Friday was a good day for the bond market and somewhat flat in the stock market. Tech was flat but it was the first time in a while we saw the ES and long bond go the same way most of the day. Is the inverse relationship breaking? It will take more than one day to prove that.

But banks were down and that could possibly be trouble. That’s the next thing that is concerning me. For the most part, the banks have been neutral. During the February sequence banks did not lead to the downside and since the middle of March they did not lead back up. That’s okay given the fact the market has been up since last summer. The banks lagged but it hasn’t stopped the stock market from continuing higher. The concern here is not only that the banks played catch up last week, but whether they will take a leadership position to the downside. That hasn’t happened yet but this is another week.

This is a holiday shortened week. Using a playoff analogy the bulls are in a must win situation. I think this and next week is going to be one of the most pivotal sequences of the entire year. We are coming to the 610 trading day window off the November 21, 2008 bottom in the NDX. This is the very same bottom we’ve talked about numerous times as the 1108 week low off the big range square time relationship to the Dow 1987 top. If we are going sideways at the end of the week, this market could be in serious trouble. However, if this turns out to be a bearish week, I’ll be looking for an inversion low. If the end of the month comes and we see that a low is put in coming out of Easter then the rest of the year should have a bullish outcome. If it doesn’t, that won’t mean a return to the bear market but it would mean the corrective activity since February is getting ready to take on a more serious tone and create some real technical damage. I speak to a lot of people who are looking at every high as a return to the secular bear market. Don’t count me in that group. I tend to see things in the moment.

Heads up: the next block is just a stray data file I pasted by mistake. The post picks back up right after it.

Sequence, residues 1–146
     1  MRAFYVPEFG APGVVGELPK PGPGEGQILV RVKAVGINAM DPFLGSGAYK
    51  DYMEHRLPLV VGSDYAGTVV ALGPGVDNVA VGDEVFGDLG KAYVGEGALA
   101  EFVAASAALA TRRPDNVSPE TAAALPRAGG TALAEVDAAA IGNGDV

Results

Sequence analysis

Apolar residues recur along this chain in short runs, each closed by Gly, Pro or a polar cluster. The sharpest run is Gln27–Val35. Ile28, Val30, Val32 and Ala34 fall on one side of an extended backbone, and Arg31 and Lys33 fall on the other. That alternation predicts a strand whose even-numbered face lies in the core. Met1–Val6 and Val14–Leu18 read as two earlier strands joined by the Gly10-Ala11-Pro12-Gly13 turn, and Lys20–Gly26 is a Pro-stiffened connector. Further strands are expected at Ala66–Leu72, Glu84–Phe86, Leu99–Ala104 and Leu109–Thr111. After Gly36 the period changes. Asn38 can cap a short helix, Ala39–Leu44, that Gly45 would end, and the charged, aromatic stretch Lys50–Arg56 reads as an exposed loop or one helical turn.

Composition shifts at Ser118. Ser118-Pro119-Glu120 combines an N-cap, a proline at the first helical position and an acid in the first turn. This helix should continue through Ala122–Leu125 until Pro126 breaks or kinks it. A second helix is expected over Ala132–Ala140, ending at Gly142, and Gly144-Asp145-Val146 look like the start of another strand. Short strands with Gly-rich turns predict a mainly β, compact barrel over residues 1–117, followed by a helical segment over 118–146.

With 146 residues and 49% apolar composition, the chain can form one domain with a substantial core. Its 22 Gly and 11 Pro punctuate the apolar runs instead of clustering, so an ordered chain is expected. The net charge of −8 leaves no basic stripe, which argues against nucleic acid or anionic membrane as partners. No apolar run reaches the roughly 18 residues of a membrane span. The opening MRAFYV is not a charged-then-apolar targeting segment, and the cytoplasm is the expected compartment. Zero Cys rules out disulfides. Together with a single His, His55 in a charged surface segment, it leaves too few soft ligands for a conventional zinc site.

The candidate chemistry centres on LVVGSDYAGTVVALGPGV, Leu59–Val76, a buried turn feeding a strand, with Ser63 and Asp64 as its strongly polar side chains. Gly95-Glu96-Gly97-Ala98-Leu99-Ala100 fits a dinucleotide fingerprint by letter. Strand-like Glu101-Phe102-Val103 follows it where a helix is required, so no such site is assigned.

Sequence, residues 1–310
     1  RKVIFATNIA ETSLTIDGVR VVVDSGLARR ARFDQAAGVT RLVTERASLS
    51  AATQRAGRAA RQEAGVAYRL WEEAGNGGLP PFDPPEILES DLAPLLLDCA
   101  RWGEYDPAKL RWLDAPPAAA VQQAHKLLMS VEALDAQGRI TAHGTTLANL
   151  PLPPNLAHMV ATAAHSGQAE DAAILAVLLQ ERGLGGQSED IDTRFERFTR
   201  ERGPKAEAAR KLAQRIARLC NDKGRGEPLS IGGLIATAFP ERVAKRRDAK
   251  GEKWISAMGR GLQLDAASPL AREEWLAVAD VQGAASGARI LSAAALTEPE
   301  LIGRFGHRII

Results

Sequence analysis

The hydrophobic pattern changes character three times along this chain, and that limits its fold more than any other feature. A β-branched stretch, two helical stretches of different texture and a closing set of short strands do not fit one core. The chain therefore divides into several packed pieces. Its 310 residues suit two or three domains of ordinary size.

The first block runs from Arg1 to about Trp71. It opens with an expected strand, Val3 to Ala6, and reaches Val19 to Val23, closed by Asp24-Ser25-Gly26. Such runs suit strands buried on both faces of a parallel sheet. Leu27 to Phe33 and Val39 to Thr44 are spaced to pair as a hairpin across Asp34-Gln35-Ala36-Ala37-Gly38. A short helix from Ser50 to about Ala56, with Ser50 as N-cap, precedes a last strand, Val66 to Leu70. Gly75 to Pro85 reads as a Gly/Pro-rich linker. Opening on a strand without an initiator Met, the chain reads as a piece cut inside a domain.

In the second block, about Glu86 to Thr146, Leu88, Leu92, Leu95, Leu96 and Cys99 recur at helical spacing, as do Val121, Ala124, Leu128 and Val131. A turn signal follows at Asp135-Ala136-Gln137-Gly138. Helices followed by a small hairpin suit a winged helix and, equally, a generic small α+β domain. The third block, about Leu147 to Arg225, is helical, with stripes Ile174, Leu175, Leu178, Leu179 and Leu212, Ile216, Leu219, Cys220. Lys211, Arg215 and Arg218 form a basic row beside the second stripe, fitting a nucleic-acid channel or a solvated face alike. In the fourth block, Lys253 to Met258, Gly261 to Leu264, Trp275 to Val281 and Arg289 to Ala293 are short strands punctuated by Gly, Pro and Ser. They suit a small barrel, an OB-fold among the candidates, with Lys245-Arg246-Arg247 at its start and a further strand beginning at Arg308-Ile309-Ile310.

I look at stock market history and observe the fact we made a bottom in 1932 and it was retested in the 37-38 sequence and again in 1942. Both of those sequences failed to make fresh bottoms. Everyone points to the problems in the economy. I’ll remind you the market bottomed in 1975 before the last oil spike, Jimmy Carter, the Iran hostage crisis, stagflation or 20% interest rates. The fact people worry about inflation in China means little to the chart other than sentiment. What concerns me most is the US Dollar. In fact, that is really the only thing that concerns me. The Dollar is now 118 months into a bear market that is 3 months short of squaring out at 121. If any crisis is coming, that would be the one. So we’ll see what happens in this next important sequence.

Click charts to enlarge

Jeff Greenblatt is the author of Breakthrough Strategies For Predicting Any Market, editor of the Fibonacci Forecaster, director of Lucas Wave International, LLC. and a private trader for the past eight years.

Lucas Wave International (https://www.lucaswaveinternational.com) provides forecasts of financial markets via the Fibonacci Forecaster and other reports. The company provides coaching/seminars to teach traders around the world about this cutting edge methodology.

About the Author
Jeff Greenblatt

Jeff Greenblatt is the author of Breakthrough Strategies For Predicting Any Market, editor of the Fibonacci Forecaster, director of Lucas Wave International, LLC. and a private trader for the past eight years.

Lucas Wave International (https://www.lucaswaveinternational.com) provides forecasts of financial markets via the Fibonacci Forecaster and other reports. The company provides coaching/seminars to teach traders around the world about this cutting edge methodology.